Types of “Essential” Employees

essential workers

Here in the Northeast we are in the middle of a major snowstorm, and although it didn’t live up to expectations, there is a travel ban in effect. The only people allowed to drive without receiving a hefty fine are “essential” employees. But have you ever wondered which types of employees are required to work during major blizzards or other states of emergency? Some of these industries include healthcare, utilities, police & fire, water supply services, and the communications sector. Here are some jobs that are always deemed essential. There are no snow days if you work in one of these positions. The federal or state government determines whether or not they report to work, and some of the following positions may come as a surprise.

1.)  Doctor / Nurse / Health Care Staff

Even during the most major snowstorms, hospital employees are required to work. Medical issues don’t stop during snowstorms, so health care workers need to be prepared to travel through the worst of conditions. Without them, multiple lives would be in danger. Hospitals always have their own form of electricity in case of a power outage, and utility companies always work to restore power in hospitals before servicing anyone else. If you work at a hospital it’s likely that you’ll never see a snow day.

2.)  Police Officers

Extreme weather is no excuse for a police officer to miss work. They need to patrol the roads for public safety purposes. Crime rates usually stay the same, but accidents can become more prominent. Many cities / states issue travel bans during snowstorms, since too many cars on the roads can make for dangerous driving conditions. Police officers need to work through the weather to keep everyone safe, and issue tickets to those who ignore travel bans.

3.)  Probation Staff

Ex-cons or people with criminal records are usually assigned a probation officer. They are responsible for keeping tabs on their assignees and making sure that they are meeting the terms of their agreement. If they didn’t report to work, criminals would essentially have a “free pass” to do as they please, which is a huge no-no in the eyes of the law. Probation officers / staff work through the weather and always report to work.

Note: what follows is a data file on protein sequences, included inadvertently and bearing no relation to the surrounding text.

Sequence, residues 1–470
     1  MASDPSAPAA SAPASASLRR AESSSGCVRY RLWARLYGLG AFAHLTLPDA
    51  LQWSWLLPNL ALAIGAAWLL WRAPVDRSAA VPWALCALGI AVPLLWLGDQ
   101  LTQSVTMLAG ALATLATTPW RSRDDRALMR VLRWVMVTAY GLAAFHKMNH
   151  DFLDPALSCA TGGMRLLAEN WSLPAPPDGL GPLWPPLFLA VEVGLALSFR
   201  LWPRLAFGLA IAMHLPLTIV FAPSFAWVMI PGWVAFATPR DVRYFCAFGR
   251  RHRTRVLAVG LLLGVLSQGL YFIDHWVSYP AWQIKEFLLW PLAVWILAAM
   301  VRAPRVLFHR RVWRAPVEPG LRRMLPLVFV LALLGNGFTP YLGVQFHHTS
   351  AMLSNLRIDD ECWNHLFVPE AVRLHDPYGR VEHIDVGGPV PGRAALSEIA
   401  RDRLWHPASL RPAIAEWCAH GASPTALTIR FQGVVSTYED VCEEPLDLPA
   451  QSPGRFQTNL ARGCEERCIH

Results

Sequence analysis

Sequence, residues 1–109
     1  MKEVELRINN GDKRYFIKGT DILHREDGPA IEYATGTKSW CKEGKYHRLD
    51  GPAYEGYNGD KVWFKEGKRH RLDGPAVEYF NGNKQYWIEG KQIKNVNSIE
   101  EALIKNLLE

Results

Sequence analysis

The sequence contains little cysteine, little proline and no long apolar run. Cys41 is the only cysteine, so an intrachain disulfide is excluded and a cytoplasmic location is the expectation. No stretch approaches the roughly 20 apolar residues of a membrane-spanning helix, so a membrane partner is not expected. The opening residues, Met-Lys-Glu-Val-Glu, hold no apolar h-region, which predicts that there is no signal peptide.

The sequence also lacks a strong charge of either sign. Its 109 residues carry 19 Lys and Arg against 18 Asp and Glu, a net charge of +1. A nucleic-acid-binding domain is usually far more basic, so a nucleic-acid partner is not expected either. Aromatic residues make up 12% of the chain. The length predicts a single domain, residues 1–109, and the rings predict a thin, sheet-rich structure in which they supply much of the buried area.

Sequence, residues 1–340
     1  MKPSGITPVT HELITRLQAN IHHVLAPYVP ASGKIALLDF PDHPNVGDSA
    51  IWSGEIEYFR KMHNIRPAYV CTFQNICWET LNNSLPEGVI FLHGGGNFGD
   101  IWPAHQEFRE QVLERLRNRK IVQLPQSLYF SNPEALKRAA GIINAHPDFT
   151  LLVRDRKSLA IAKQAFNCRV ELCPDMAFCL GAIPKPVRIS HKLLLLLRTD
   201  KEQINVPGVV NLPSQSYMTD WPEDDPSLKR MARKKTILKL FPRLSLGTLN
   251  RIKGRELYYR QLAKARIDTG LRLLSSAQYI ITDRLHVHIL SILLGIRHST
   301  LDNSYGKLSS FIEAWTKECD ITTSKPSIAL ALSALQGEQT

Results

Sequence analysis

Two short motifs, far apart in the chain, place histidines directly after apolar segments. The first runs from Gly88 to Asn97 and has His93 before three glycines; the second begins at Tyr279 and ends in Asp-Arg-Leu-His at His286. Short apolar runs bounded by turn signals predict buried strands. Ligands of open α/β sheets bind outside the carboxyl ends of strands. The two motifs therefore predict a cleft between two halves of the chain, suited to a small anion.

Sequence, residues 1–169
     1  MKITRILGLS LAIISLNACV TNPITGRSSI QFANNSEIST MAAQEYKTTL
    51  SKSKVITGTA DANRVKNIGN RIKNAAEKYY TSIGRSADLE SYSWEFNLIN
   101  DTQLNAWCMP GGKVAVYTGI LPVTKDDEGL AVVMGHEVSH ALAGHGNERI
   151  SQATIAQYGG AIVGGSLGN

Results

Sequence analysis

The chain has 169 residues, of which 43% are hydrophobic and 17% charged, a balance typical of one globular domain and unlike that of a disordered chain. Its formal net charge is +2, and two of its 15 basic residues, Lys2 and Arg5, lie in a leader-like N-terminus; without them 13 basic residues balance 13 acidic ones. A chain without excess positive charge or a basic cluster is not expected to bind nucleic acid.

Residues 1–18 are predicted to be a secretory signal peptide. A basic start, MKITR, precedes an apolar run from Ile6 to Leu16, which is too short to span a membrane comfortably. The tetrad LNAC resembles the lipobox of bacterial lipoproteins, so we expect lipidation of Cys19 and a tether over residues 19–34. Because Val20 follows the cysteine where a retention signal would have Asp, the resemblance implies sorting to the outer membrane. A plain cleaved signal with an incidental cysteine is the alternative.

4.)  Firefighters

Bad weather always causes problems, and can often lead to fires. Firefighters need to be on call just in case this happens. They are amongst the most essential employees and are responsible for saving lives on a daily basis. Reporting to work is a must, even during the most extreme weather events.

5.)  National Guard

National Guard workers actually get busier when the weather is bad. They are prepared for the worst, and are trained to respond to these types of situations. They serve many functions during a storm, and most include setting up roadblocks, sandbags, and locating / helping stranded drivers. If you work in the National Guard and a major weather event is around the corner, then get some rest. Long hours and hard work await you.

6.)  Zookeeper

Since they are responsible for a living collection of animals, zookeepers must always report to work. Also, any workers at zoos responsible for water quality, HVAC, nutrition, and veterinary services need to be present. Without them, a lot of animals could perish. In fact, it’s one of the most secure jobs in the USA. Even when the federal government shuts down due to budget freezes, they still have to come into work. They can worry about getting paid later because the animals need their assistance.

7.)  Grocery

In some states grocery workers are considered essential. It makes sense, because people need access to supplies during storms. However, it’s not guarantee that the items you need will actually be on the shelves. Always prepare before the storm to make sure you have everything you need.

8.)  Snow Plow Drivers

There are three types of snowplow drivers—government workers, private company employees, or self-employed drivers. They are all essential. Even if there is a driving ban in the area, self-employed snowplow drivers are usually given a free pass. Police officers understand that they are working to help people, and typically the trucks they drive are excellent in snowy conditions. Without them, driving would be almost impossible.

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Matthew Welch

Matthew Welch is an SEO strategist, content marketer, blog manager, and sports enthusiast from Boston, MA with a collegiate background in Natural Resources and Environmental Studies from the University of Connecticut.

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